“Whatever I had working that day, that’s just what I was going to roll with,” Murray says. “And some days my fastball was all I had.”

So this past off-season was spent in the gym and the kitchen, trimming fat and adding muscle so Murray can maintain his delivery deep into outings. Last season, he felt like he didn’t have the body control to properly command his off-speed, which sapped his confidence, and led him back to his fastball. It’s a pattern he’s working hard to break.

“I’m so much more comfortable now with all of my pitches,” he says. “A lot of the time when I was out there last year, I was thinking, ‘Man, if I can just keep my walks under four today, I’ll have a really good outing.’ And that’s not the mindset I want. Especially as I move up, I really want to feel like I can be aggressive in the strike zone with every single pitch.”

Rapsodo units and Edgertronic cameras have been particularly helpful in rounding out Murray’s repertoire. He used the tools to take the spin efficiency of his curveball from 75 per cent in 2018 to around 95 per cent last season, adding vertical break to the pitch.

When he was having trouble locating it the way he wanted to last July, he looked back at the slow motion video and found that he was spinning the ball too far off its side, which was causing more horizontal action, rather than over-top of the ball, which he needs to get the downward bite that makes his curveball effective.

Commanding the pitch is crucial. If Murray can throw it where he wants to, he can drop a curveball in for a strike early in a count:

Before burying it below the zone to get hitters to chase with two strikes:

Murray is part of a group of young pitchers in the organization — including Murray’s teammates and friends Justin Dillon, Sean Wymer and Nick Allgeyer — who have bought in heavily with the advanced performance measurement tools Blue Jays developers have begun utilizing in recent years. They talk about pitch design on long bus rides; they know their spin rates and efficiencies; they’re constantly looking for ways to get better and challenging the organization to keep up with them.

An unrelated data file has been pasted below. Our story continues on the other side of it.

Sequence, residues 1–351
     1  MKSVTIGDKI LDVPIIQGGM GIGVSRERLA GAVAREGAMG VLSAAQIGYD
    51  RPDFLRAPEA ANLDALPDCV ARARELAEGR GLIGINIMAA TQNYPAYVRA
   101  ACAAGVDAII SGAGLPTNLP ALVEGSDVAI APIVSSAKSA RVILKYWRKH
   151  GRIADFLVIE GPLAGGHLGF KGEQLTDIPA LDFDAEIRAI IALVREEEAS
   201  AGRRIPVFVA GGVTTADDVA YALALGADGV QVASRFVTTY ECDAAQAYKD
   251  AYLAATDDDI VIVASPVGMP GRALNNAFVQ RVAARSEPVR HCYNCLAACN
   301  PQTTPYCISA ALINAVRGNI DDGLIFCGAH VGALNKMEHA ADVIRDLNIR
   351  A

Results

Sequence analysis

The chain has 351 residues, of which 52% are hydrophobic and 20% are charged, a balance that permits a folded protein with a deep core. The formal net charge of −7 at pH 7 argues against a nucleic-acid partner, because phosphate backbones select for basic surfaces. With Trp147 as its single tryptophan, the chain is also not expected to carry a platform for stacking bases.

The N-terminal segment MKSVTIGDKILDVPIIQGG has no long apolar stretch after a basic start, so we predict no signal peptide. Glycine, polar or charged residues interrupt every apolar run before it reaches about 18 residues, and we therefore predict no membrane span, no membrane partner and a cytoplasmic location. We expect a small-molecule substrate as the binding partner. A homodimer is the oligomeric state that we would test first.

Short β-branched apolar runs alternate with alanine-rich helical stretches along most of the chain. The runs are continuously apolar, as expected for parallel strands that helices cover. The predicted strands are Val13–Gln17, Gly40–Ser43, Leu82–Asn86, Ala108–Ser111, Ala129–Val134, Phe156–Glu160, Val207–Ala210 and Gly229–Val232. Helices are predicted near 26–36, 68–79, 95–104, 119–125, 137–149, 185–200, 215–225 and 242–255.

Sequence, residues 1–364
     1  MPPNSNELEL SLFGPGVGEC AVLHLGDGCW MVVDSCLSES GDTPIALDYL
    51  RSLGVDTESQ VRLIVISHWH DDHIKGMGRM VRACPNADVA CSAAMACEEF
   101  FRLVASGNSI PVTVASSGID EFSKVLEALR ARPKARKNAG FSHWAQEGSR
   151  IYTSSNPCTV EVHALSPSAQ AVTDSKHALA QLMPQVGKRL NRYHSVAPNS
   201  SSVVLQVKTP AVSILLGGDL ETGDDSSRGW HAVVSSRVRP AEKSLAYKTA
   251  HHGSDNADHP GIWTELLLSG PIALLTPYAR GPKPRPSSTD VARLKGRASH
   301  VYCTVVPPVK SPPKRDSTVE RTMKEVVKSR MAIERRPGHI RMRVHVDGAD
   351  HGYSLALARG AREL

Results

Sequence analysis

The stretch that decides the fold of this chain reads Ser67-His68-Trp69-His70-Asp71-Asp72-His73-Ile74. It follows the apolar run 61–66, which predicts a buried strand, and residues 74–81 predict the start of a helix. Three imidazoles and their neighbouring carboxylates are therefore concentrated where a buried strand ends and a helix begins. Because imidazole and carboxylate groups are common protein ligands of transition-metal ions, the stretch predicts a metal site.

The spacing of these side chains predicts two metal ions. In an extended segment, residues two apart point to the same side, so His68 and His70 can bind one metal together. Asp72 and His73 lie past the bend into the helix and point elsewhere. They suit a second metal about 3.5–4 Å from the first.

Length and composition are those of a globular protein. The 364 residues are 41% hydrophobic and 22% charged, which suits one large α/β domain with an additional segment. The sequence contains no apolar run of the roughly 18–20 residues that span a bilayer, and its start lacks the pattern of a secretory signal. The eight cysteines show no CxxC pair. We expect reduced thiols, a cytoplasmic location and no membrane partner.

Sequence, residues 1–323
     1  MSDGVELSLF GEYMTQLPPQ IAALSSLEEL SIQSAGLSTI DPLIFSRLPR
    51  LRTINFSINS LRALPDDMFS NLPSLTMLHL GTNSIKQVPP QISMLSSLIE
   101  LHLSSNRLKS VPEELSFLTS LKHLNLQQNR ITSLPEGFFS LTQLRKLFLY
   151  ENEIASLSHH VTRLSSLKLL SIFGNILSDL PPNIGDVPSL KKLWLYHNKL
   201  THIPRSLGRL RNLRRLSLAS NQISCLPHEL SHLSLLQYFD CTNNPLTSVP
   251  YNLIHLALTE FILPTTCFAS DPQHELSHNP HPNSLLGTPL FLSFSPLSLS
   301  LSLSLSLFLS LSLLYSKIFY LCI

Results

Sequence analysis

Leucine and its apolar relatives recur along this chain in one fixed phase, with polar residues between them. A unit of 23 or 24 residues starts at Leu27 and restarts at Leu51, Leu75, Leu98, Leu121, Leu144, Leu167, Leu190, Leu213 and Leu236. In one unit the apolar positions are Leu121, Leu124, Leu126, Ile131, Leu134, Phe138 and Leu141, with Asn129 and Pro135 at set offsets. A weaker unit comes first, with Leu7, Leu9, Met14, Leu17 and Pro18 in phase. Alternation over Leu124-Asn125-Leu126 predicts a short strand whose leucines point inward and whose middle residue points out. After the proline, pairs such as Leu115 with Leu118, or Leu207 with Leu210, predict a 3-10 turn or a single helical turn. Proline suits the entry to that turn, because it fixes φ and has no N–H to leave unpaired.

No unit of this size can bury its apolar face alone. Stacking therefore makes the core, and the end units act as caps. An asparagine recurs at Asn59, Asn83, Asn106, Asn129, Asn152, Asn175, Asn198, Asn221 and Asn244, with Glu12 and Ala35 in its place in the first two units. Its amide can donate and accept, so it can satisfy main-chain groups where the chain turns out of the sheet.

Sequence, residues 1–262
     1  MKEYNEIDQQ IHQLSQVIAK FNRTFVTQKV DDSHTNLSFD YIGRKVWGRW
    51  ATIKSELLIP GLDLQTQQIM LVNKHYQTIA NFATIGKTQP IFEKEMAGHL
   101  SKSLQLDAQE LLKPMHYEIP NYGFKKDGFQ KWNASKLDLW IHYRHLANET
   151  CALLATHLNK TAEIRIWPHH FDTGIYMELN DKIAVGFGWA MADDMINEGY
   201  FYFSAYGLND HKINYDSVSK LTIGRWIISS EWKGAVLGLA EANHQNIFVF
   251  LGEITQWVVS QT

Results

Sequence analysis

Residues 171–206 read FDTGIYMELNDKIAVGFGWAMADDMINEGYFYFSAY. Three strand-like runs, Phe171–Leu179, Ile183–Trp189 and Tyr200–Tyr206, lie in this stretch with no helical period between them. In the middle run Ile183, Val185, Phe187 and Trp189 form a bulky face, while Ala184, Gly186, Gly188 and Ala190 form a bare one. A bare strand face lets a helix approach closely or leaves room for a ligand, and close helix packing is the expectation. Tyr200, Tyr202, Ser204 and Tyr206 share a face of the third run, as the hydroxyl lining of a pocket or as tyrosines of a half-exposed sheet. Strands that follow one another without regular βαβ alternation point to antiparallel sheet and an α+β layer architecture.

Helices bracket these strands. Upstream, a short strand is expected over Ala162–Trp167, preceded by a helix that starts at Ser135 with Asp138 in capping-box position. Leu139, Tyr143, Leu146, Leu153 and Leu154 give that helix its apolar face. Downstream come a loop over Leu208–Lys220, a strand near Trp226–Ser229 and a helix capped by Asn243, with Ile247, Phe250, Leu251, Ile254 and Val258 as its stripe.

“Joey’s a very analytical thinker. He dives deep into the data and information that’s available to him,” Kim says. “At the end of the day, our most important job is to help players get better. So we’re constantly getting feedback from players and getting their perspective on how we can best help them. And in recent years we’ve heard how important and useful integrating data and technology has been for guys like him. A lot of the time, it’s been the players that have been helping push us to get better — which is a really cool thing.”

Being able to throw curveballs and sliders for strikes will help Murray keep hitters off balance, while developing an effective change-up — practically every Blue Jays pitching prospect is developing a change-up — will give him a great weapon to play off that high spin fastball as he continues to face better opposition.

It’s not a front-of-the-rotation profile but Murray could certainly fit in towards the back of one if his change-up becomes a real weapon. And you don’t have to squint to see him providing plenty of value chewing innings out of a big-league bullpen in the same vein as other bulk relievers without premium stuff like Yusmeiro Petit or Josh Tomlin.

But Murray knows what makes him special, and keeps him from profiling as just another average right-hander, is that deceptive, high-80s fastball. He figures he used it as the put-away pitch on seven out of 10 strikeouts in 2019. He’s still not sure how to explain why it’s so effective. All he knows is it spins like crazy and teams these days like seeing that. And hitters have trouble seeing it at all.

“Analytics are big in today’s game. It’s a big reason why I have a job in the first place. I don’t throw hard, I went to a mid-major college — I would’ve been very easy to write off,” he says. “I’d love to throw harder. But I’ve got what I’ve got. And I think that pitchability is very much alive in the game today. Getting outs is the most important thing. Putting up zeroes on the scoreboard. That’s it. There will always be value in that.”